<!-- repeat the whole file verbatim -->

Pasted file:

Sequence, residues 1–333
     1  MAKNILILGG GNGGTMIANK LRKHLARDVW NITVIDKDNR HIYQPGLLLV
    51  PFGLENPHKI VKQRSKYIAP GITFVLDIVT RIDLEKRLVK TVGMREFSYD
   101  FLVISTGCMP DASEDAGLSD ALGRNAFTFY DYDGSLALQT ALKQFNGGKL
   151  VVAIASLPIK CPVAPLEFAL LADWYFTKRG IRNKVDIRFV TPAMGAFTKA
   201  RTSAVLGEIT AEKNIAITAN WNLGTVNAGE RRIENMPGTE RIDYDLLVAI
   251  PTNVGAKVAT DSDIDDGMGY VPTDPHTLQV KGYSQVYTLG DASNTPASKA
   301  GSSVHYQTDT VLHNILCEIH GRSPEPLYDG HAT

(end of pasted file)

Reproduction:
Sequence, residues 1–333
     1  MAKNILILGG GNGGTMIANK LRKHLARDVW NITVIDKDNR HIYQPGLLLV
    51  PFGLENPHKI VKQRSKYIAP GITFVLDIVT RIDLEKRLVK TVGMREFSYD
   101  FLVISTGCMP DASEDAGLSD ALGRNAFTFY DYDGSLALQT ALKQFNGGKL
   151  VVAIASLPIK CPVAPLEFAL LADWYFTKRG IRNKVDIRFV TPAMGAFTKA
   201  RTSAVLGEIT AEKNIAITAN WNLGTVNAGE RRIENMPGTE RIDYDLLVAI
   251  PTNVGAKVAT DSDIDDGMGY VPTDPHTLQV KGYSQVYTLG DASNTPASKA
   301  GSSVHYQTDT VLHNILCEIH GRSPEPLYDG HAT